Asset bubbles are strange animals. Ideally, you would like to punch the air out of them relatively early before they become a real danger but, in practice, it is not quite so simple. Ben Bernanke and Alan Greenspan have actually both argued that asset bubbles cannot be detected and monetary policy should therefore not in any way be used to offset suspected bubbles.
I am not sure I agree with the two gentlemen, but that is less relevant for now. What is important to understand is what happens once the asset bubble bursts. In my experience, almost all post-bursting bubbles share two characteristics:
- At the very least, asset prices revert to the mean, although many actually overshoot on the downside.
- A long (and often painful) period ensues, where asset prices gradually claw back lost value. History suggests that this period is measured in years and sometimes in decades; never have asset prices recovered from a deflated bubble in just a matter of months.
The recent collapse of residential property prices – at this point still more advanced in the US than in Europe – is a classic asset bubble which is now deflating. The reason I have decided to write about it this month is because the ‘green shoot’ campaigners are missing a hugely important point about the effect that falling US property prices are going to have – not just on the US but also on the global economy.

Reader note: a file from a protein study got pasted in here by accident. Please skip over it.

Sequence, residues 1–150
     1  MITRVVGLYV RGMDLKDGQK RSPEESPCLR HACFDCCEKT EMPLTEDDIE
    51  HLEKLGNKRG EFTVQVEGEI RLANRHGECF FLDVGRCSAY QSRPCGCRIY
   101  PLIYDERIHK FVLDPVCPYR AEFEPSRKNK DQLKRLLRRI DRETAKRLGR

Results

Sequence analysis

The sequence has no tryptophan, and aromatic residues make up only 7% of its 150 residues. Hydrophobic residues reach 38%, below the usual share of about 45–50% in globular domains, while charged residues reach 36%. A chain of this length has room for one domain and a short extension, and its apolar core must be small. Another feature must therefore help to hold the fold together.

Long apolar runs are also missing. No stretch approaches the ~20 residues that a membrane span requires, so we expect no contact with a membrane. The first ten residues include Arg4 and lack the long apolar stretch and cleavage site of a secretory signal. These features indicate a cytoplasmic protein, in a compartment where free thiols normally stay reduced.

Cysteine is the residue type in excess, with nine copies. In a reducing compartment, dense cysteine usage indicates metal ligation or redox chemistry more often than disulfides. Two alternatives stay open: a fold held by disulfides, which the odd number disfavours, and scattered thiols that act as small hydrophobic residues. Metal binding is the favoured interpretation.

Recovery will prove temporary Make no mistake. I always expected and continue to expect an economic revival later this year, which unfortunately will prove temporary. There are many good reasons to expect such a short-term recovery, as I discussed in detail in the April issue of this letter. However, it is what happens afterwards that I worry about. The economic uplift is likely to last no more than one or two quarters after which we will have to face more gloom and doom.